Before a property is designated a Heritage Impact Assessment including a cultural heritage evaluation is provided by an Inventory research group who report to the HMHC. Members of this group are all volunteers. The city then hires a consultant to complete a designation report on the property.

Constraints in this process are clearly time and budget. One early historian noted that prior to amalgamation she charged $50 for the documentation to designate. Now the consultants get $20,000 per report. Consequently few reports are done. There is rapid turnover in the hard-working and capable, but junior, ranks of the Heritage office at City Hall. Staff are often hired only on contract. There is no chief heritage planner with either local familiarity or the clout to have an impact.

The final nail in the coffin of Brandon House, and many other properties, was a rewriting of the Hamilton demolition control by-law in 2009. Prior to this, any demolition permit application for a building dating before 1920 was sent to the Hamilton Municipal Heritage Committee for consideration, then brought before council for approval. The new by-law tightened up timelines for building/demolition permits and the new by-law delegated authority for demolition of all but designated buildings to city staff. This cleared time on council agendas and made the process a lot simpler.

At the same time, however, the by-law cleared the path for the “client” to have unobstructed access to unprotected land for development. The process was now a private deal between the developer and city staff. No citizen groups or “heritage people” would be interfering. And in the case of Brandon House, none did.

The salvage companies went into Brandon House the first week of lock-down. Not by coincidence, the wrecking ball came in Friday and this iconic and beautifully maintained house was gone by Sunday.

The new owner, Michael Hendrie, had been inconvenienced by historical groups at another project in Brantford. The timing of the Brandon House demolition prevented interference as citizens were all carefully confined to their homes.

The demolition of this house at the prominent entrance intersection of town, and the proposed demolition of two adjacent buildings, appears to have come as a complete surprise to Ancaster’s councillor. According to his statement to the Hamilton Spectator, he was shocked and dumbfounded. The fact that the zoning had been recently amended for the inclusion of multi-story residences in the area, as he was well aware, did not seem to be significant.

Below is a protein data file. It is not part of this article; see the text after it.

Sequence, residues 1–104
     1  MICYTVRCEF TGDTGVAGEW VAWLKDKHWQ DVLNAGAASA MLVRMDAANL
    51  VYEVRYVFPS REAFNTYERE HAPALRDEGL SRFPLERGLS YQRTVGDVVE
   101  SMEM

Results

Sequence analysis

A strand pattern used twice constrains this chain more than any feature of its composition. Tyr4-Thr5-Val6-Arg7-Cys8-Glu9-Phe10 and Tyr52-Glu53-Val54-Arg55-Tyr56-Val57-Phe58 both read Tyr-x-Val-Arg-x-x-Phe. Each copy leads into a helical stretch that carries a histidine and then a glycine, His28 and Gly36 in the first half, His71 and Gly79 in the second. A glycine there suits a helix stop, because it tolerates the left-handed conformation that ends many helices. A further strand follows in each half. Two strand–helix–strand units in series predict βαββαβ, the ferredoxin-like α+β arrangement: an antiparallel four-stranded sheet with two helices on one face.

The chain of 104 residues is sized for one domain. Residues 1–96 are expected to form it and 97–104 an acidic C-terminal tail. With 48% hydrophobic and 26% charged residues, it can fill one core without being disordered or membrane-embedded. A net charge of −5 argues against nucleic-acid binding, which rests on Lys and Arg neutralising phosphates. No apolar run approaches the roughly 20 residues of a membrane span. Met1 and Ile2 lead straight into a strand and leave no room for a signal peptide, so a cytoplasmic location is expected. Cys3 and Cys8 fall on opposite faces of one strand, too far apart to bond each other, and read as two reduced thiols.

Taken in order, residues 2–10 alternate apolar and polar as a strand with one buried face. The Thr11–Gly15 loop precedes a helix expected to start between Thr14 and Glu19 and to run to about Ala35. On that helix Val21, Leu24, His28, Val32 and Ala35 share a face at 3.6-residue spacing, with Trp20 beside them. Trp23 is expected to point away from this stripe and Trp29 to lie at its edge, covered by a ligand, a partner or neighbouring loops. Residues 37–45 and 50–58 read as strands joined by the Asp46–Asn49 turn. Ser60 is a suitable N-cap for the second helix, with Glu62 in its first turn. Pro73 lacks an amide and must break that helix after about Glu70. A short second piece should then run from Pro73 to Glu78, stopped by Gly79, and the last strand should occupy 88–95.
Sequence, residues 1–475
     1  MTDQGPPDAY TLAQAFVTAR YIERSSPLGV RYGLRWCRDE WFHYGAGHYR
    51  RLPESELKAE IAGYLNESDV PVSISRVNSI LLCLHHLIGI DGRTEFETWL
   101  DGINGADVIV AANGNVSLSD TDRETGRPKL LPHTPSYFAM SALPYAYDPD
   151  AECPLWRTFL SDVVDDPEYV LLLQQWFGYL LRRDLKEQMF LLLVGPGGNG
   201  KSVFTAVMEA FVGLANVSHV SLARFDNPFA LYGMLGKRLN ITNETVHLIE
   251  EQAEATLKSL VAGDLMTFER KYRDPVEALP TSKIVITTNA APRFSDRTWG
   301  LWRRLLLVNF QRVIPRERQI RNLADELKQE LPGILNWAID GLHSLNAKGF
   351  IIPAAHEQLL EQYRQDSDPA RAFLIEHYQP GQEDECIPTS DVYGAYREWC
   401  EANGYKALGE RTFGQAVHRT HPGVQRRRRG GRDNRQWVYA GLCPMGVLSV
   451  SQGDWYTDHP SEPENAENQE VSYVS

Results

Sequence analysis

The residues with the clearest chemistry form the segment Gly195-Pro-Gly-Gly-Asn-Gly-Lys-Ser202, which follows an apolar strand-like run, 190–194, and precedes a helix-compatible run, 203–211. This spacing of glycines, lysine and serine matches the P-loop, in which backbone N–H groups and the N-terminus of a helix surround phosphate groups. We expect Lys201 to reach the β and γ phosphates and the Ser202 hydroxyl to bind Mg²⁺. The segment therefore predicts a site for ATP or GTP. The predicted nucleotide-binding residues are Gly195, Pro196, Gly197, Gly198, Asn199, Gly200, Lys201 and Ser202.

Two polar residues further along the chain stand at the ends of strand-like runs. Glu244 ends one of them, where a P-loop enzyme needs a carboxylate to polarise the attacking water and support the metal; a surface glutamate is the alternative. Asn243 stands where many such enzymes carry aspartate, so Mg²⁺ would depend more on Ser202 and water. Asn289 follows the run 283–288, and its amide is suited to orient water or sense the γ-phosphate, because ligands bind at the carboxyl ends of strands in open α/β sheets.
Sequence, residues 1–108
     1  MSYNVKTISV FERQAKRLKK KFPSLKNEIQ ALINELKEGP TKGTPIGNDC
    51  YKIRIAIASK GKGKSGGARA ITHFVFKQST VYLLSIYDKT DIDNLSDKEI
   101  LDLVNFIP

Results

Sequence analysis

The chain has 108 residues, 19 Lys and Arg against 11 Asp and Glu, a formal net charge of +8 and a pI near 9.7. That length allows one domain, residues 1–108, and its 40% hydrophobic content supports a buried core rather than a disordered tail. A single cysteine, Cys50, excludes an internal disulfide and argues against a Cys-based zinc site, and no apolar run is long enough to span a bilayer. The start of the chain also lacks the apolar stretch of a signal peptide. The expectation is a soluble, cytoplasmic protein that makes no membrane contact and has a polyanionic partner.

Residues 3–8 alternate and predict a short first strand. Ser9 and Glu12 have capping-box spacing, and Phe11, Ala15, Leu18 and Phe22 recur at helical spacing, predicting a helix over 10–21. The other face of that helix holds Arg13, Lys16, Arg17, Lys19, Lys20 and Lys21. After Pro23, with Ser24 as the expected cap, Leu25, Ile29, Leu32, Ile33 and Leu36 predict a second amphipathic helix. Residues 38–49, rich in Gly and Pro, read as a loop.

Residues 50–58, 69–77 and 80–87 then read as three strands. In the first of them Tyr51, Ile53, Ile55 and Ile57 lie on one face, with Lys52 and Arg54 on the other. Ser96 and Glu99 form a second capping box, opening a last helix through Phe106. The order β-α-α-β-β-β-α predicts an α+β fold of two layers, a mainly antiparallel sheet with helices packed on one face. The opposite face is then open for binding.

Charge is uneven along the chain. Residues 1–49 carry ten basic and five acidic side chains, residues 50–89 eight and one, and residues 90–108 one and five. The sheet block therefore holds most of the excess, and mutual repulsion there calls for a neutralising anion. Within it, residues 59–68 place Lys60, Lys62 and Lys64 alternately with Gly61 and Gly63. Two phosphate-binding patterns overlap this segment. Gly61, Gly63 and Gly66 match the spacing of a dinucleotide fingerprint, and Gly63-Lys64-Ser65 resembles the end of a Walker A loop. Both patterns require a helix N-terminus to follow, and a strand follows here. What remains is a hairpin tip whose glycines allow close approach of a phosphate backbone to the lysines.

In response to the flurry of protests, the only response given by city staff was that the demolition was completely legal. And it was.

While we are all still reeling from pandemic isolation, is this not the perfect time to reflect upon what we are doing to our beautiful province?

When this is all over, let’s return to a place where we are building better and more pleasing communities rather than cannibalizing towns that are already working well. There is no point tearing down and bloating up existing towns — wrecking their character, destroying pedestrian and cycle traffic — because they are great places to live. By the time the developers are through with them the charm will be gone. The streets will be clogged.

The Ancaster story is far from unique. Towns across the country are dealing with the same push for density. Do residents in large metropolises want to take a drive through the country to discover that all the Victorian towns now look like Mississauga? If not, then now is the time to contact our political leaders and demand that they consider more productive and reasonable development that doesn’t rely on the destruction of the good things we already have.

Grimsby's Main Street